OpenGov, a Redwood City, Ca., company whosesoftware helps local governments keep transparent financial records, has been picking up speed in a variety of ways, and co-founder and CEO Zac Bookman traces some of that momentum to the election of Donald Trump as U.S. president.
We had the best Q1 in company history. Its typically a quiet quarter, and we blew the top off our internal projections, says Bookman.
He adds that OpenGov has seen a 20 percent surge in job applicants, too.
Its easy to see why Americansmay be growing more focused about transparency than in recent years. In just one small example of how things have changed under the new administration, the White House announced earlier this month that it will no longer disclosethe logs of those who visit, a meaningfulshift in stance compared with the Obama administration, which disclosed more than 6 million related records.
White House communications director Michael Dubke told reporters that thedecision owes to the grave national security risks and privacy concerns of the hundreds of thousands of visitors annually. (Theprevious administration also redacted some recordson a case-by-case basis.)
The Trump administration has also removed the Open Government section from the White House website, and, more recently,Walter Shaub,director of the Office of Government Ethics, which advises federal agencies on how to ensure that employees comply with federal ethics laws, very publicly complained about the lack of transparency into potential conflicts of interest arising across the executive branch.
To hear Bookman tell it, local governments arelargely moving in the opposite direction, partly in reaction to these White House moves, but also because its easier than ever to make public data seeableand searchable.
In fact,according to the five-year-old, 120-person company, there are now 1,400 public agencies across 47 states using OpenGovs software, which helps governments create budgets and perform analytics and allow residents to see what is being spent and where.
Bookman half-jokingly suggests that a third reasonthat city and stategovernmentsare embracing its services is peer pressure; when a neighboring city employsthe technology and others see them achieving so much more with so much less,they feel more obliged to do something.
One of the biggest municipalities to embrace OpenGovs technology to date is the city of Boston, which earlier this year created Analyze Boston, an open data portal built on OpenGov thatenables it to publish sundryopen data sets and make them available to residents.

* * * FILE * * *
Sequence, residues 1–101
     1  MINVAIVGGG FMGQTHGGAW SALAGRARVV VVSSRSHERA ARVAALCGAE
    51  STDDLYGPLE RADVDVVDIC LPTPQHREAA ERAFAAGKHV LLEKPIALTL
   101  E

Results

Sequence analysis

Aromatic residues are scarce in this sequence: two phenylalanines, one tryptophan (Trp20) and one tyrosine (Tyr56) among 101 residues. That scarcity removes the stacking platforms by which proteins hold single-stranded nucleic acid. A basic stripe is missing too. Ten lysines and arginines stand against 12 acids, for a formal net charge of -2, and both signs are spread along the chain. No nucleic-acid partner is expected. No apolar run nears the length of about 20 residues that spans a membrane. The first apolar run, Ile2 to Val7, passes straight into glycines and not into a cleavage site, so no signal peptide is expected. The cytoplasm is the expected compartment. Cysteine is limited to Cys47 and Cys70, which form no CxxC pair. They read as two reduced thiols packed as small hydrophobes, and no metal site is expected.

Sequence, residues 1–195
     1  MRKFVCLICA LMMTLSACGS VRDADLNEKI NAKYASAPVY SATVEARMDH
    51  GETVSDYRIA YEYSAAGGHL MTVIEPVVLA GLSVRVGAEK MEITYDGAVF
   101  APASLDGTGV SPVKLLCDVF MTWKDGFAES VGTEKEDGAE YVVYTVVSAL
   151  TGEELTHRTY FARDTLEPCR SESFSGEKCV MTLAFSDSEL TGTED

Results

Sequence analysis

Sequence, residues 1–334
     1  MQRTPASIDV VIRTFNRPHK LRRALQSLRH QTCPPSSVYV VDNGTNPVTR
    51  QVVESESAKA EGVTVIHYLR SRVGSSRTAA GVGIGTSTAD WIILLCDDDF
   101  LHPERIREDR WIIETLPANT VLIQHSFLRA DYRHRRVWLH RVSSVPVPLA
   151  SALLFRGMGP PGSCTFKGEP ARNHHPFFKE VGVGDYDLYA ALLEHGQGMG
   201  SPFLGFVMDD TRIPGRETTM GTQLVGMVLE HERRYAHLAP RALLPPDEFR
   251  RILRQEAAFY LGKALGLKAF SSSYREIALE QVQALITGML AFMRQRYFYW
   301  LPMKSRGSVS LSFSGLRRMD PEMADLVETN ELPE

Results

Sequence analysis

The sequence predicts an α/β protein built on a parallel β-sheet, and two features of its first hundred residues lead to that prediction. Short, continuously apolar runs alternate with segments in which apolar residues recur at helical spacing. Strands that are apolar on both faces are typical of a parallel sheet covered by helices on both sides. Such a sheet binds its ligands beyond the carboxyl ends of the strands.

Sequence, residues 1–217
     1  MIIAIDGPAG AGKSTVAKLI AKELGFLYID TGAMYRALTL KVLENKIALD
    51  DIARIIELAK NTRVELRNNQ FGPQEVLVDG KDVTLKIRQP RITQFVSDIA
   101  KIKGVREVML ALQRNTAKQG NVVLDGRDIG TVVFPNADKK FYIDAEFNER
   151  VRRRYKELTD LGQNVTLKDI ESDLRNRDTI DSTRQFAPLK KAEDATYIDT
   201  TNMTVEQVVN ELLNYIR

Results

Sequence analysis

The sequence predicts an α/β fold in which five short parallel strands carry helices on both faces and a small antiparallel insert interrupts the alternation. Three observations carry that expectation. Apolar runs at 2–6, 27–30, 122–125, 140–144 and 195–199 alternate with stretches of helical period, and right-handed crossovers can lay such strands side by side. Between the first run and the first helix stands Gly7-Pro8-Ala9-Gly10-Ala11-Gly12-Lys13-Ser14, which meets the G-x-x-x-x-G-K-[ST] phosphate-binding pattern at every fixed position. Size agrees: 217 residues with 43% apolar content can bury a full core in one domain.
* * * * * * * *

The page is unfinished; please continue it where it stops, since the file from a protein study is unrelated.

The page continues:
Other local governmentsinclude Omaha, Neb.; Kenton County, Ken.; and Ohio, whereevery local government in the state is using the platform.
OpenGov claims to be signingup a new customer every two days at this point. And it says that owes to its three offerings. One of these is budgeting softwarethat aims to slice in half the time it typically takes to build a budget. Another is anoperational performance management suite that helps local governments benchmark their performance against other cities. Meanwhile, a newer, open data service enables cities and statesto turn their data into narratives for public and internal consumption, as well as connect their budget and performance data with Census data, FBI crime data and financial data from thousands of other counties and cities.
Thebiggest governments are signing up first for its open data product, says Bookman, while smaller governments are signing up for management reporting and business intelligence.
He says in both cases, getting OpenGovs customers up and runningtakes an average of just two days. (He creditsa training program that OpenGovhas designed for government administrators as the reason his own team can get in and out so quickly.)
Given the Trump bump, we ask Bookman who has already raised $47 million for OpenGov and will announce a Series C round this year if he has observed whethergovernments in so-called blue states and red states are distinct in any way. We ask if they use different products or whether their attitude toward the company itself is discernibly different.
Theyare, admittedly,stupid questions.Theyre alsoquestions that Bookman, who callsOpenGov apolitical, has seemingly fielded in the past.
Volunteeringthat OpenGovs customer base is showing a near even split between red and blue, he says he finds that on a personal gut level, conservatives are drawn to the message of efficiency and of cuttingwaste and fraud and abuse.
As for liberals? Theyre drawn to [OpenGovs]innovation and tech and progressive element, says Bookman without missing a beat.